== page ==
Back cover copy: The history books say I died. They don’t know the half of it. Anastasia “Nastya” Romanov was given a single mission: to smuggle an ancient spell into her suitcase on her way to exile in Siberia. It might be her family’s only salvation. But the leader of the Bolshevik army is after them, and he’s hunted Romanov before.
Nastya’s only chances of saving herself and her family are either to release the spell and deal with the consequences, or to enlist help from Zash, the handsome soldier who doesn’t act like the average Bolshevik. Nastya has only dabbled in magic, but it doesn’t frighten her half as much as her growing attraction for Zash. She likes him. She thinks he might even like her.
That is, until she’s on one side of a firing squad … and he’s on the other.
My review: I read Romanov by Nadine Brandes for my historical fiction choice in the Read Something New 2021 Book Challenge. It wasn’t the book I originally planned to read for that spot but kept begging me to take it from my ever-growing to-read stack. So I finally gave in – and am glad I did.
Portions of Romanov are based on historical fact. The father, Emperor Nicholas II, was the last czar of Russia. Their family was exiled and later executed by a Bolshevik firing squad in 1918. When the gravesite of the family was found years later, two members were missing: Anastasia and her younger brother Alexei. Rumors persisted for years that they had somehow survived the firing squad and lived out their lives in secret and/or under different identities. Their remains were not found until 2007, buried in a separate grave near the rest of the family.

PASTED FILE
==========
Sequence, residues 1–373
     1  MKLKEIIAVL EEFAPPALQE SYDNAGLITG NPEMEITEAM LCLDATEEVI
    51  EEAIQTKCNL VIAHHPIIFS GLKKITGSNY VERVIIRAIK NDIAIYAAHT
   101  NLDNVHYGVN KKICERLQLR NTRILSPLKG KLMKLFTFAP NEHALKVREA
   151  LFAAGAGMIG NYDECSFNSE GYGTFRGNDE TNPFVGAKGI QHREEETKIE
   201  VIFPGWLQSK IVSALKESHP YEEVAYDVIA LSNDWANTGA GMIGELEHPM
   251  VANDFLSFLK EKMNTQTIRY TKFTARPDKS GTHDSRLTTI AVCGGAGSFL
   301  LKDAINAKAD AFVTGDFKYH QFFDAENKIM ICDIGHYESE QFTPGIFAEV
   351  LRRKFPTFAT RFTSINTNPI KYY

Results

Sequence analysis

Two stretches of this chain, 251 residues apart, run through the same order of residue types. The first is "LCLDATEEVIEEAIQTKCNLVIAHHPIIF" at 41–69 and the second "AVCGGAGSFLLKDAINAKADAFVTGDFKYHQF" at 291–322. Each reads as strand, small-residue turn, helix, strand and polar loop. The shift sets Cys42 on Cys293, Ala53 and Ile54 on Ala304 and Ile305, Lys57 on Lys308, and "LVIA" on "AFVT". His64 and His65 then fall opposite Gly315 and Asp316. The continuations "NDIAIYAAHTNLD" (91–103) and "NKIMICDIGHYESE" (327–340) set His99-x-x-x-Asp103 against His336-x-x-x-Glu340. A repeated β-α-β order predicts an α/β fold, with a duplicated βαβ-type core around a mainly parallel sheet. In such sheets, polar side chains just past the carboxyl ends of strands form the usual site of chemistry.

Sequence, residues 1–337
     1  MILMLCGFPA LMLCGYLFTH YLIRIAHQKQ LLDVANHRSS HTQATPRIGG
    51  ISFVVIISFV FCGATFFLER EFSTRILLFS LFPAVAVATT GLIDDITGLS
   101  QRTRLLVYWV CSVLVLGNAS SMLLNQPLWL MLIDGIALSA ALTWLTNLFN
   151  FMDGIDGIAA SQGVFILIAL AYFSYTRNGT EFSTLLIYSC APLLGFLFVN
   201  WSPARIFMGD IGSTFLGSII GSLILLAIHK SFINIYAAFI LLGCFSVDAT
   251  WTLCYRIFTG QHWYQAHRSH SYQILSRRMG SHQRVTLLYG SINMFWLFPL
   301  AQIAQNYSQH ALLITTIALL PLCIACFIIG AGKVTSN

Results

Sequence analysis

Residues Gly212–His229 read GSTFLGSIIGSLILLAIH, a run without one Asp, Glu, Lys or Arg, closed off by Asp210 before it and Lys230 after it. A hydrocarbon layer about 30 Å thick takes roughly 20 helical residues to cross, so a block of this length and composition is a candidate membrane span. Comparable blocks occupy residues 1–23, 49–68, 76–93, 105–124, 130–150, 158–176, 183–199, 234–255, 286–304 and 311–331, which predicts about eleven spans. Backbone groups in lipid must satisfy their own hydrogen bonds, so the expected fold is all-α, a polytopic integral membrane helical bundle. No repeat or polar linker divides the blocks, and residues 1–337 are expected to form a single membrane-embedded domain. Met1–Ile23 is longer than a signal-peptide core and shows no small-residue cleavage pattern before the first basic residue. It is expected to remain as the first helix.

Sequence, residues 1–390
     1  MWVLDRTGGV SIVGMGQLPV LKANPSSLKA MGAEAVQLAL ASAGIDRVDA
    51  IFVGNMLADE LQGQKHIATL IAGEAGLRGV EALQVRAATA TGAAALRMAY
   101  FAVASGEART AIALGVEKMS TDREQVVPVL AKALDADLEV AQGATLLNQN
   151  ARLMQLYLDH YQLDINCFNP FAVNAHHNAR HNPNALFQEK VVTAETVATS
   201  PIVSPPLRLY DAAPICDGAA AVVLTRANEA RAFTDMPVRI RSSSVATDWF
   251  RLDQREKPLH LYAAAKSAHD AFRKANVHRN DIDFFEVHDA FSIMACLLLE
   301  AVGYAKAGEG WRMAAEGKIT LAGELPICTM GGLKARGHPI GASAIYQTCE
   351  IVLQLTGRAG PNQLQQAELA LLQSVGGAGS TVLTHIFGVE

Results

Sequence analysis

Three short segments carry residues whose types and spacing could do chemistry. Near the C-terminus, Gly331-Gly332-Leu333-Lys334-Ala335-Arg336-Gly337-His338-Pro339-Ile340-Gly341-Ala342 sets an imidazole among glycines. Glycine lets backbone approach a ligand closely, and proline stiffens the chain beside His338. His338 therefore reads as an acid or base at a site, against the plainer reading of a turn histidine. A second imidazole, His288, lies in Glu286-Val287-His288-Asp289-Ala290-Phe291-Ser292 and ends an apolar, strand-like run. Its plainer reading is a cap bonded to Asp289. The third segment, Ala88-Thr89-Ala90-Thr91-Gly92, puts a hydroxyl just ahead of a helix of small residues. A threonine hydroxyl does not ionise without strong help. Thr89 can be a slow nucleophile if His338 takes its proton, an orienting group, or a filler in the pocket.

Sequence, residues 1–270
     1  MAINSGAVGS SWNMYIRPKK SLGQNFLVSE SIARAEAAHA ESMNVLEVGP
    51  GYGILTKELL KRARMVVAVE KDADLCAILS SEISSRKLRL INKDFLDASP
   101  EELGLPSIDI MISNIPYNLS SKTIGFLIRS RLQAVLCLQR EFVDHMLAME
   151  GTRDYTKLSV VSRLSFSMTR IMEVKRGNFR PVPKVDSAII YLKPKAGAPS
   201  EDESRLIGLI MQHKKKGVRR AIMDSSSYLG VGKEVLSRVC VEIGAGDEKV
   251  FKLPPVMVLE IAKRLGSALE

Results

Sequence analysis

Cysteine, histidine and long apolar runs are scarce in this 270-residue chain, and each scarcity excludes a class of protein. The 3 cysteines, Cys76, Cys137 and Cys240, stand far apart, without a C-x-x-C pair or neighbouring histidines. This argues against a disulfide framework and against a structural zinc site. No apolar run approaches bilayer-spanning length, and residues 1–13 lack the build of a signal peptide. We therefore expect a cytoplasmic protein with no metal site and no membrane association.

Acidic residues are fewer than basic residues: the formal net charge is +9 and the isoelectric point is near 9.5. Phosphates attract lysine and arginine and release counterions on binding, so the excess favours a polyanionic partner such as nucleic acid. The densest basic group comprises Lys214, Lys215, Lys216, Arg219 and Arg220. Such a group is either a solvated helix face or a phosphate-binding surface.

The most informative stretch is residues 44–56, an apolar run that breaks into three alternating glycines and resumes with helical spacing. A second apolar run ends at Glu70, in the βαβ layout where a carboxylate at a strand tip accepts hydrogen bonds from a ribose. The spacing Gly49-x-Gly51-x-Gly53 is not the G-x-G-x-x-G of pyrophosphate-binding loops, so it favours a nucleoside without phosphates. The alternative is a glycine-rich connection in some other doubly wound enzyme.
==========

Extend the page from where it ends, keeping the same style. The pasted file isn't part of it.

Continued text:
Romanov adds magical aspects to historical facts to weave a fantastical but believable story. Anastasia is a beginning-level spell master who knows just enough magic to create spells that help relieve the pain and injuries that Alexei experiences because of hemophilia. She is fiercely loyal and feels tremendous responsibility to help him however she can, but the Bolsheviks are hunting down and killing spell masters (in addition to wanting the Romanov family out of their way).
But Anastasia also is a typical teenage girl in many ways – playing pranks, doing things to make her sisters or Alexei laugh, navigating the feelings associated with her first crush, and learning to remain hopeful despite grappling with frustration, anger, and forgiveness.
The characters of Romanov are multi-layered and believable, even the secondary characters and antagonists. That’s part of what kept me reading and enjoying the story.
Faith elements are also strong, despite having magic be such an important element in the story. The family prays together and talks about things related to their faith, plus topics related to living a life of faith (hope, respect, forgiveness, grace) are integral to the story.
Who should read it: Historical fiction fans should enjoy Romanov, though sticklers who might get hung up on the magical aspect might enjoy reading something like I Was Anastasia by Ariel Lawhon more (I read that one a couple years ago and liked it). Romanov is categorized as young adult fiction, but I can see it appealing to readers from middle school to adult. It covers some fairly heavy topics related to the war and violence, but they aren’t too much for a mature middle schooler to handle (and are much less graphic than plenty of other books targeting that age group).
Your turn: Did you read a historical novel for this month’s challenge? If so, tell us which one and what you thought of it! If not, share what you did read – because there had to be something, right?
Coming next month: The February book category for our reading challenge is science fiction or fantasy. Any idea what you’ll read?